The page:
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Regulatory Updates

PFOA & PFOS As CERCLA Hazardous Substances: What Does This Mean and How Can You Be Prepared?

Catriona Smith | February 17, 2022

A plan to designate two per- and polyfluoroalkyl substances (PFAS) as “hazardous substances” under the Comprehensive Environmental Response, Compensation and Liability Act (CERCLA), also known as Superfund was submitted as a formal plan to the White House Office of Management and Budget (OMB) by the U.S. Environmental Protection Agency (EPA) on January 10, 2022. The two PFAS that may potentially be designated as hazardous substances are perfluorooctanoic acid (PFOA) and perfluorooctane sulfonic acid (PFOS).

This is particularly significant because the EPA has never designated a chemical as a CERCLA hazardous substance by rule.

This submittal kicks off the process for rulemaking and aligns with the actions outlined in October 2021 in the EPA’s Strategic PFAS Roadmap timeline. The OMB has 90 days to review the proposed plan, however these can often take much longer. The EPA has indicated that they are working towards a final rule by 2023.


  • Will require investigation and remediation of sites with impacts from the two designated PFAS
  • CERCLA hazardous substances reportable quantities and release reporting will apply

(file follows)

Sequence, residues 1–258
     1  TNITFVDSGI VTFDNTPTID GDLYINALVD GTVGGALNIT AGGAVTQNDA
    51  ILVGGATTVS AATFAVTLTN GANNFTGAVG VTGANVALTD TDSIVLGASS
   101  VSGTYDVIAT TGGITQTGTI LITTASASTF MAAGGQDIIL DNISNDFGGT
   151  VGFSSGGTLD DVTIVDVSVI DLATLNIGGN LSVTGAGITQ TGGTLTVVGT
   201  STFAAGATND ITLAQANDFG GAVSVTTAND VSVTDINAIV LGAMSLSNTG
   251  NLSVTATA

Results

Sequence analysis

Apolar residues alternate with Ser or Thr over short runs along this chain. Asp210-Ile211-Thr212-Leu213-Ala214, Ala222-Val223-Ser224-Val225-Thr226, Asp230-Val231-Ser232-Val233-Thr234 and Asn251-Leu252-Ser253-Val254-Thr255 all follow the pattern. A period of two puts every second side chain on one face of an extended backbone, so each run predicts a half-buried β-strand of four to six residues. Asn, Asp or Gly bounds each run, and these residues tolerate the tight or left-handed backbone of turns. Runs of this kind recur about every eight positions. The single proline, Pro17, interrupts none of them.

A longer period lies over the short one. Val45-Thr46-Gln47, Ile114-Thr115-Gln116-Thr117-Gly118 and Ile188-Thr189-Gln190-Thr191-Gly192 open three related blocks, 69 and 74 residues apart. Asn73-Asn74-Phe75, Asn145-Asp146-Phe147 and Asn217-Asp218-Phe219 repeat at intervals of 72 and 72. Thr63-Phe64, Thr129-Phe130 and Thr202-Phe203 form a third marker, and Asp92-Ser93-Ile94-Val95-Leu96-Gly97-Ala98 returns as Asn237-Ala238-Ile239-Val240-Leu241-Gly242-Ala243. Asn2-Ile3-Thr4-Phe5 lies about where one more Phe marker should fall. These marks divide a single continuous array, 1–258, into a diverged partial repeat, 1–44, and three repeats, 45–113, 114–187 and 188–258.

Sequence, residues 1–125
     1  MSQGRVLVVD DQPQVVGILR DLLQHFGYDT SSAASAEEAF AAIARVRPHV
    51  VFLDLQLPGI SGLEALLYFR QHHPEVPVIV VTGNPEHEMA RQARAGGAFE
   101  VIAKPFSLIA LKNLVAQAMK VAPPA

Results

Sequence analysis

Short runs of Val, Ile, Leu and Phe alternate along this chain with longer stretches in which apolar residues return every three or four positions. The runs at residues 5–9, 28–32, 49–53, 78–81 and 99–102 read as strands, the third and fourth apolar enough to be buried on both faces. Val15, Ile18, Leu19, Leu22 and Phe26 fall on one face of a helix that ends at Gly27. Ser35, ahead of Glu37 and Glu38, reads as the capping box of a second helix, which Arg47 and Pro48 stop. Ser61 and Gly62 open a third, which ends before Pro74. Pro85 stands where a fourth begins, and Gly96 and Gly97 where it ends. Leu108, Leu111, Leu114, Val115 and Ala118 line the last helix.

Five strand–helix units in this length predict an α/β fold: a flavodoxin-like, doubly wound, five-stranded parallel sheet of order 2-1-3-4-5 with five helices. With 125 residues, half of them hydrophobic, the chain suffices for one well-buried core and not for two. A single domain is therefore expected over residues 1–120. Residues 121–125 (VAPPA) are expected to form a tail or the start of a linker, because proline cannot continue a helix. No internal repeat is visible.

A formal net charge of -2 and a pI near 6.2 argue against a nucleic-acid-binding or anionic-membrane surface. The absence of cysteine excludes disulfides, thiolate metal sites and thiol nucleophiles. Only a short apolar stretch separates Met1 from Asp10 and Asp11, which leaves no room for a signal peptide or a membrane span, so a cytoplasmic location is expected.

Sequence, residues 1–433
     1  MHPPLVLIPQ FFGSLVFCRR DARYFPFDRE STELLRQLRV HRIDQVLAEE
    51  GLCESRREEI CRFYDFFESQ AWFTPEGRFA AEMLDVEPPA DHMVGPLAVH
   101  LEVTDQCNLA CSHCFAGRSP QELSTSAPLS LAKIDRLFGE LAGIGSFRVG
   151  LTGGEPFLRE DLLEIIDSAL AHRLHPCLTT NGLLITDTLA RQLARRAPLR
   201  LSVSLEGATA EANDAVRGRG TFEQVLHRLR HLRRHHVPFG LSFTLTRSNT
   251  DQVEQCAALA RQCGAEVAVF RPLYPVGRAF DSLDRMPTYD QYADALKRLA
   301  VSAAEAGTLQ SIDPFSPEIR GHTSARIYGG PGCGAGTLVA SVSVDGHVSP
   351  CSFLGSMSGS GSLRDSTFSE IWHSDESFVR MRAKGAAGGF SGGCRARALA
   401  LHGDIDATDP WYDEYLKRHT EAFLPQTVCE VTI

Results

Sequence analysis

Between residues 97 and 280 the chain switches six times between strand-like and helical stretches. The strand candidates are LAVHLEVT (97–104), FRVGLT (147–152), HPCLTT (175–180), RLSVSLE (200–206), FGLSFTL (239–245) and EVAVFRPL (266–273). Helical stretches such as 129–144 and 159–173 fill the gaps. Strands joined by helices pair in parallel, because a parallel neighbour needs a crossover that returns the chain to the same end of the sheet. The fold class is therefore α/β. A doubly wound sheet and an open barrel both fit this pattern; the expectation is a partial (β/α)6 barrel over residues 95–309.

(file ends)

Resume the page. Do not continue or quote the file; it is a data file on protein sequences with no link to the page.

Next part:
• Associated CERCLA liability (also impacts environmental reserves) and cost recovery
  • Wastewater treatment plants and landfills may become CERCLA sites
  • Disposal/treatment of PFAS residues will become more difficult and expensive
  • Retroactive liability – Will allow “re-openers” of “closed” or “no further action” sites, including (former) brownfields redevelopment sites
  • States may have to transfer oversight of PFAS cleanups to EPA
  • Expands pre-purchase due diligence on transactions
  • Litigation claims are also likely to be expanded

What Happens Next:

  • OMB response – No Later Than 04/2022
  • Notice of Proposed Rulemaking (NPRM) – 03/2022 (EPA proposed date) – will trigger a public comment period
  • Final Rule – TBD – 2023

Other Key Items:

  • This action does not automatically make these PFAS hazardous wastes
  • This action does not automatically make these PFAS Clean Water Act hazardous substances
  • This action does not automatically make these PFAS Clean Air Act hazardous air pollutants
  • It is, however, a slippery slope in all cases!


For more information please contact Cat Smith, REM at 512.230.7597 or

Catriona Smith

Catriona (Cat) Smith has over 30 years of professional experience in the interpretation and application of regulations for industrial facilities relating to compliance, remediation and negotiations with regulatory agencies. Her clients include upstream and downstream oil and gas, chem-pharma, petrochem, manufacturing and federal, state, and local governments. Ms. Smith is a Vice President and Environmental Sector Market Director for TRC, with nationwide responsibilities to manage our clients’ PFAS challenges, support and grow our Oil and Gas clients and bring multi-disciplinary solutions to their complex projects. Contact Cat at

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